amotz asa el 88.
(photo credit: )
They're poring over maps again. Here, there and well beyond the horizon, statesmen - or what passes for them these days - are once again running markers between mountains, above ravines and through cities.
The markers - red, blue and pitch black, too - are used for the big bones of contention; the highlighters, a rainbow ranging from yellow and orange to green and violet, are for this forlorn wadi, that godforsaken monastery, them shallow waters where bullfrogs croak, these inaccessible cliffs where vultures nest and all else that, to them at least, is down at heel and up for grabs.
Yes, occasionally they have their differences, the statesmen with the markers. Some draw their lines that close and some that far; some project multi-annual schedules, others instantaneous transitions; some care more about worship and its constraints, while others place their bets on easy money and its allure. Some are suspected villains, others convicted felons, and yet others innocent Florence Nightingales. All, however, seem to agree that a deal is feasible; that it is up to us, and that if we fail to deliver the goods at the Annapolis summit, they might go down in history as reincarnations of Golda Meir.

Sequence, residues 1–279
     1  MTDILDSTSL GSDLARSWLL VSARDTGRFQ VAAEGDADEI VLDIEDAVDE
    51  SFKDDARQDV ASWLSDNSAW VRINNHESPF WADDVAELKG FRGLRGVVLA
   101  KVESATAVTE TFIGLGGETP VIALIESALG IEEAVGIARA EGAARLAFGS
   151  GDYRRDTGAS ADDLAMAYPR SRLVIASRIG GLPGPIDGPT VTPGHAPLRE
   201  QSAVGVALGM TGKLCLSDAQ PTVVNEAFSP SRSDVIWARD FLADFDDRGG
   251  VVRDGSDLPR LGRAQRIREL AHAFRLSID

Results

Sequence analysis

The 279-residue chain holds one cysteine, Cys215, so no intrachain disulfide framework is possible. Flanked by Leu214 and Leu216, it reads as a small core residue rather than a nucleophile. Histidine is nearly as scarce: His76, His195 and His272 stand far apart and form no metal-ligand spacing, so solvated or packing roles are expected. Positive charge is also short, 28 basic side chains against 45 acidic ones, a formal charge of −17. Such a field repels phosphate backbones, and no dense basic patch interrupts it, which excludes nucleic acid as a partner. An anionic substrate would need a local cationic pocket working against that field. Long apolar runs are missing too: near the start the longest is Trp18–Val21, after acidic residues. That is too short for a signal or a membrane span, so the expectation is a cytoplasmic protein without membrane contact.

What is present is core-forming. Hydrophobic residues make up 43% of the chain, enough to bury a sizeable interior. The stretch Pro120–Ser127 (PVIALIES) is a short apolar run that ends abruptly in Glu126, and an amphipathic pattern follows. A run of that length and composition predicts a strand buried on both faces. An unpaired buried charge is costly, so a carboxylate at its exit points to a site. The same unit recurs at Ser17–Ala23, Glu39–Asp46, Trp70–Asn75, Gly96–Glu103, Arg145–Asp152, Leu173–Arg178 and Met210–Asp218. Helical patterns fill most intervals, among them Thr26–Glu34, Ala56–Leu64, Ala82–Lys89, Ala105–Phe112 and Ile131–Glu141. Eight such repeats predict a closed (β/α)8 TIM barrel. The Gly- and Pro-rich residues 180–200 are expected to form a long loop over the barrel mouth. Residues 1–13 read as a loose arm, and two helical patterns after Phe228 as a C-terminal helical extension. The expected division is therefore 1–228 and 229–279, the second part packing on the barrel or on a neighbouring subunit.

EHUD OLMERT'S new thinking is clear. Reenergized by his spectacular survival of what he has so far wrought, and realizing that convergence - his much-heralded election gospel - has arrived where the rest of his Lebanese war's casualties have, Olmert has now opted for a new revelation.
"Today's Palestinian leadership is not a terror leadership; President Abbas and Prime Minister Fayad are committed to all the agreements that were signed with Israel," said Olmert at the Knesset this week, adding that he is convinced the two Palestinian leaders "want to advance with us on a track that will lead to a change of reality."
Middle Israelis agree, but they also wonder: If Abbas is opposed to terror, but at the same time seeking dialogue with Hamas even after it led a bloody coup against his own rule, then what political merit is there in his philosophical opposition to terror? And while it's enchanting that this part of the Palestinian leadership is more reasonable than others, how can one ignore the Palestinian electorate's granting Hamas so many more votes than Israelis gave Kadima? Will they really follow Abbas to a truce with their elected champions' arch-nemesis? Is there any cartography that can delete their zeal?
But Olmert, himself a former super-hawk who as a backbencher in '79 refused to ratify the Camp David agreements, is a great believer in human transformation. If his once-unflinching convictions later proved so elastic, why not the Palestinians'? And since he is not in the business of convincing them - that will presumably be done by Abbas - the prime minister set out to assuage us. "What will we say if we miss the opportunity," he asked. "Forty years we are beating our chests, feeling guilty; we understood belatedly what we could have understood from the onset."
Well, Middle Israelis who, unlike Olmert, never ruled out land for peace, now suspect he is as frivolous in this diplomatic adventure as he was in last year's military escapade, and before that in the political witchcraft of unilateralism.